Thursday, September 2, 2010

Frittata Ranchera

Frittata is the Italian word for omelette, but throw some "Mexican" ingredients in it and it becomes a Mexican omelette, right? Well, a frittata isn't a traditional Mexican dish no matter what, but one of the great things about frittatas is that you can put anything you want in them and they taste great. So when I needed to get rid of some leftovers in the fridge, a frittata was a great way to use them. Instant Mexican-style frittata! I call it Frittata Ranchera. Why not?

Actually there's a difference between a regular omelette and a frittata. Wikipedia says it well: "A frittata may be baked, or it may be started in a frying pan. When started on a stove top the frittata can be finished in an oven, under a broiler, or it may be flipped and finished in the pan.

Frittata preparation differs from omelette preparation in that the eggs are beaten to incorporate air where the eggs for omelettes usually are stirred with less air incorporated. The additional air in the frittata mixture allows for a deeper filling and a fluffier result. Ingredients to be incorporated into a fritatta are added to the pan before the egg mixture (in a French omelette they are added after). A frittata is usually served in radial slices like a pizza."

So here's my version (choose your method: cooked completely in the pan or finishing it under the broiler) using leftover tortillas, ham, jalapenos and canned corn and a few other ingredients from the cupboard. Perfect for a late breakfast, early lunch or even for supper!

I like making BIG thick frittatas, using a 12-inch cast iron skillet, so I have leftovers for munching later (or even the next day). Leftovers make a great burrito filling, by the way.

Makes 6 or more slices, depending...

  • 12 large eggs (12 eggs for a thick frittata in a 12" skillet, or about 8 eggs for a thinner frittata or in a smaller skillet)
  • 1 Cup whole-kernel corn
  • 1 Cup diced ham
  • 1 Cup shredded cheese, divided (whatever kind you've got is fine)
  • 1/4 Cup chopped cilantro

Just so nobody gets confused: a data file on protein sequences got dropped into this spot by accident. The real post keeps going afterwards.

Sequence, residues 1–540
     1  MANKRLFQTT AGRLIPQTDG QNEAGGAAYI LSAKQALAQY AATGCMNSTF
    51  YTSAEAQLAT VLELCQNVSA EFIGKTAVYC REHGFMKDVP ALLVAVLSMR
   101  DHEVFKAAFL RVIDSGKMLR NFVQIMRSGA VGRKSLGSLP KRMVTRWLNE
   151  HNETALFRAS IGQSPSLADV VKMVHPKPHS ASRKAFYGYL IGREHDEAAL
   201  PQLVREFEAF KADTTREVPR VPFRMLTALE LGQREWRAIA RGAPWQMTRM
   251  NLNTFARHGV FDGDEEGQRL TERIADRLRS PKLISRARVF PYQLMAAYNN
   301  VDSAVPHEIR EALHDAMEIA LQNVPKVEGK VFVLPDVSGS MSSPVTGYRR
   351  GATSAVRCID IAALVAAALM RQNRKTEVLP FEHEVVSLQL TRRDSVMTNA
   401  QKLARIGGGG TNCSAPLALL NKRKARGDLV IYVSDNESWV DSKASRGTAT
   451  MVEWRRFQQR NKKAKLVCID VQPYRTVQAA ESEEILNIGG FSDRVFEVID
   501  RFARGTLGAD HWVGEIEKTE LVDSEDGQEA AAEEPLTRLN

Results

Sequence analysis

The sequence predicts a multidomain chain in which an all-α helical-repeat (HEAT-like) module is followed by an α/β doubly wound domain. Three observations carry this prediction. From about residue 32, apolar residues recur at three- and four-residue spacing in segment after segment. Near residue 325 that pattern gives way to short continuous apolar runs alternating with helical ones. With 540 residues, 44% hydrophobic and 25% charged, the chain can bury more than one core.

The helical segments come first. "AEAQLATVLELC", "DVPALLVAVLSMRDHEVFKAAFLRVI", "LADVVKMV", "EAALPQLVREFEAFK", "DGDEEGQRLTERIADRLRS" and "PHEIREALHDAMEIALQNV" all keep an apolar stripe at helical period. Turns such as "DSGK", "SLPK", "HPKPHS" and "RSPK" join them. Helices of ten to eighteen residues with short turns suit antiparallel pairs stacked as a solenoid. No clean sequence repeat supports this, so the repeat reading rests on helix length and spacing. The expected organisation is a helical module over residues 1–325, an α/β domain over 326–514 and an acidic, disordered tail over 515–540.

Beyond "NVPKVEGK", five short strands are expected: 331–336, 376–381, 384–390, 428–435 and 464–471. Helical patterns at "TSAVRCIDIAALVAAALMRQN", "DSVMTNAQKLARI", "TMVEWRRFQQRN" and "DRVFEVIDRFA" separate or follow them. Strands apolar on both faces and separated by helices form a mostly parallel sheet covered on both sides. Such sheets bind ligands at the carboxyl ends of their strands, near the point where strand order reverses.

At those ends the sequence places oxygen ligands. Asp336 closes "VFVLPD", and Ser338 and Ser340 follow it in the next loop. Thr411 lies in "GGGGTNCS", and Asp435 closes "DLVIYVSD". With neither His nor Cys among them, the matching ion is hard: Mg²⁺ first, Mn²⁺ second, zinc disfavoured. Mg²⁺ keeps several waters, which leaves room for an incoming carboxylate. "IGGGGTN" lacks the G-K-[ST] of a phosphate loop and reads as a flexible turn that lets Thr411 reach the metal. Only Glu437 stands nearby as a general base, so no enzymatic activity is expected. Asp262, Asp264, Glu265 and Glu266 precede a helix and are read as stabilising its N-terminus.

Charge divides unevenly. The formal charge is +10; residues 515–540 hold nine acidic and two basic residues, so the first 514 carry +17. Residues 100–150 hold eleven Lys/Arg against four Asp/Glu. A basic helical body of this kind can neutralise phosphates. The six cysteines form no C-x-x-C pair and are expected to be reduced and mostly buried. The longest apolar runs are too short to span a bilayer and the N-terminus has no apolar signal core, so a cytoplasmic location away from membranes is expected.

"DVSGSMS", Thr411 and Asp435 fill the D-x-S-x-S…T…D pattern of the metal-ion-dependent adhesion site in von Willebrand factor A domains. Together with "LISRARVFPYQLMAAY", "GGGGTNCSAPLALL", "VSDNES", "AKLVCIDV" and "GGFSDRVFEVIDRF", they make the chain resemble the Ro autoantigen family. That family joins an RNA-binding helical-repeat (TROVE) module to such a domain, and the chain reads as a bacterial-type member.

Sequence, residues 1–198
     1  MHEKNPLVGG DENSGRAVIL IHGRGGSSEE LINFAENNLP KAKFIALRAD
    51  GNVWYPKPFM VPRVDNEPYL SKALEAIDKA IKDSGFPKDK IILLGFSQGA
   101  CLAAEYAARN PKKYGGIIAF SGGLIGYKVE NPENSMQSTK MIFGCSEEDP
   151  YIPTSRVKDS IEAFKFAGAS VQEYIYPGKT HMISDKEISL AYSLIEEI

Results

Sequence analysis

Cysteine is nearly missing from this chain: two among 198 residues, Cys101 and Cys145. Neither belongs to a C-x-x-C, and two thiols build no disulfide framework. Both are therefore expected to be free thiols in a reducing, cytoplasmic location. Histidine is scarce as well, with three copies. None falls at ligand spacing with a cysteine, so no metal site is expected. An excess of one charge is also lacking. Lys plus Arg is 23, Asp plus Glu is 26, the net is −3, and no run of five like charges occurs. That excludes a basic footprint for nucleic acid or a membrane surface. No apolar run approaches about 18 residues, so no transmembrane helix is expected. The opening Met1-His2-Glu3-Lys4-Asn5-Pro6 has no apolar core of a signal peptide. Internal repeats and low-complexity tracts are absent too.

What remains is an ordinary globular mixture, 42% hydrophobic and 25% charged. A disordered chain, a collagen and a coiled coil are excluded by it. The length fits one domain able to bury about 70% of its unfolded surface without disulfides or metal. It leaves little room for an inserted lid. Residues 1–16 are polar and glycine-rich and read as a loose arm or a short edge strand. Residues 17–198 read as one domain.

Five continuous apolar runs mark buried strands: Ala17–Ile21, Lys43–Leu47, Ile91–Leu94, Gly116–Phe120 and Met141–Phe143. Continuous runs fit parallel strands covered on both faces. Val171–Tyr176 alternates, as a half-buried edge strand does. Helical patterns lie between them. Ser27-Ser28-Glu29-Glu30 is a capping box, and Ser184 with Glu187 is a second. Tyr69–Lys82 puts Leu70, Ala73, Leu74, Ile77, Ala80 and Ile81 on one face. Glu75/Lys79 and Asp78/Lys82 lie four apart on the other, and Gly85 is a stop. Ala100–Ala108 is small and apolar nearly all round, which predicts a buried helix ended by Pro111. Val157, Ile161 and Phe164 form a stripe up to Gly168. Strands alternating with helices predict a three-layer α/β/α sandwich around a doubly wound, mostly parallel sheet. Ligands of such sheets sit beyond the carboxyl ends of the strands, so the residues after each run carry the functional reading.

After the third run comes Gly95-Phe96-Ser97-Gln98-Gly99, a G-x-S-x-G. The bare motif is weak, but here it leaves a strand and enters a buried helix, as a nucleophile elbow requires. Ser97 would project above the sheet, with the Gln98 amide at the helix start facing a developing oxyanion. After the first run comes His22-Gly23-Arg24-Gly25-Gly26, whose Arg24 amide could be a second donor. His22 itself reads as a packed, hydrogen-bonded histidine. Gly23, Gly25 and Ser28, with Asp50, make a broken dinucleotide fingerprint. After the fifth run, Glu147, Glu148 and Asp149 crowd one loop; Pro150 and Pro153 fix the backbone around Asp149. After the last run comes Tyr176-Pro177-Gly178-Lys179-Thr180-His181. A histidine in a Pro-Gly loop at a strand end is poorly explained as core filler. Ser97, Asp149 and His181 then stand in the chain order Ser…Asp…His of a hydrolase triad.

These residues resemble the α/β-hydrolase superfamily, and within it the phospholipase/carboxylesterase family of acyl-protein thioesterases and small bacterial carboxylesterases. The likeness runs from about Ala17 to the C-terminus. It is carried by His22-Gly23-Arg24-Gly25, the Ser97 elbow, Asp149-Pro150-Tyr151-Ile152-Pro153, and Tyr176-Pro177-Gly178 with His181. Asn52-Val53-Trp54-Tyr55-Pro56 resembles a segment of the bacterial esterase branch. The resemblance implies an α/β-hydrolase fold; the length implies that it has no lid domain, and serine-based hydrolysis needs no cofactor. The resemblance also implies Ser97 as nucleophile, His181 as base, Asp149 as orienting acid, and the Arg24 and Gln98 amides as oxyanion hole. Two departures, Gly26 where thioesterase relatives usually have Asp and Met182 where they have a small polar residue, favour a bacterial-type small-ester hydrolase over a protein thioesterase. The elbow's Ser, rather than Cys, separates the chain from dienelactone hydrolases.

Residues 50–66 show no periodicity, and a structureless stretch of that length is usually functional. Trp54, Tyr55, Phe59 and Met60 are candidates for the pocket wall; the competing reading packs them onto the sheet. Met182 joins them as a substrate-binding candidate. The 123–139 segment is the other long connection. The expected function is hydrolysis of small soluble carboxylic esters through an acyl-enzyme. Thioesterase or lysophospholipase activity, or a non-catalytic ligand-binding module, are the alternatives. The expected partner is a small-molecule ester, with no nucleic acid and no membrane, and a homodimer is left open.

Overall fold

• 1 Tbsp. or more Jalapeno peppers, diced (I used some canned ones)
  • 2 Tbsp. red bell pepper, diced
  • 2 Tbsp. olive oil
  • 1 small yellow onion, chopped
  • 6 (6-in.) corn tortillas, coarsely chopped

Whisk eggs in medium bowl until thick and frothy. Salt and pepper to taste. Add corn, diced ham, 1/3 cup cheese, cilantro and canned jalapenos; stir until combined. (If you are using fresh jalapenos, add them in the next step instead.) Set aside.

Heat oil in a large heavy skillet. Over medium high heat, cook onion and diced bell pepper (and jalapenos, if using fresh ones), stirring occasionally, until onions are translucent and peppers are soft. Stir in tortillas; cook for 1 minute. Add egg mixture; stir quickly to distribute ingredients. Cover and reduce heat to low.

Cook for 20 to 25 minutes or until knife inserted in center comes out clean and it is lightly browned on the bottom. Sprinkle with remaining cheese and 2 tablespoons cilantro. Cut into wedges. Serve immediately with crusty bread, salsa and a side of guacamole. Wrap leftovers (if there are any) in tin foil and chill in the refrigerator.

If you want to finish this under the broiler:

Adjust top oven rack - you want the top of the skillet to be 4-6 inches from the broiler. Turn on broiler.

Follow the steps above up to the point where you add the eggs to the pan. Over medium high heat, add egg mixture and stir quickly to distribute the ingredients. Cook until the egg mixture has set on the bottom and begins to set up on top (around 4 to 5 minutes or so). Remove from heat. Sprinkle remaining cheese on top, place pan into oven and broil for 3 to 4 minutes, until lightly browned and fluffy. Watch carefully so it doesn't burn.

Remove skillet from oven and let sit for about 5 minutes to finish cooking in center. Cut in wedges and serve. Serve immediately with crusty bread, salsa and a side of guacamole. Wrap leftovers (if there are any) in tin foil and chill in the refrigerator.

Buen provecho!

If you have a favorite recipe for a Mexican or Mexican-inspired dish, I'd love to add it to our recipe box! email (and put "recipe" in the subject box so I'll know what it's about)


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